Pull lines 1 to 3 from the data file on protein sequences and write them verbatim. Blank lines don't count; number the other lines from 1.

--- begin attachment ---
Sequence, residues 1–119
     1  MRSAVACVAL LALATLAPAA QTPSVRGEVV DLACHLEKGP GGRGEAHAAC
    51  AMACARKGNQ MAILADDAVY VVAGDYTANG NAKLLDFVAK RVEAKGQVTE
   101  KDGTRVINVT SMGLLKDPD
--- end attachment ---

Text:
Sequence, residues 1–119
     1  MRSAVACVAL LALATLAPAA QTPSVRGEVV DLACHLEKGP GGRGEAHAAC
    51  AMACARKGNQ MAILADDAVY VVAGDYTANG NAKLLDFVAK RVEAKGQVTE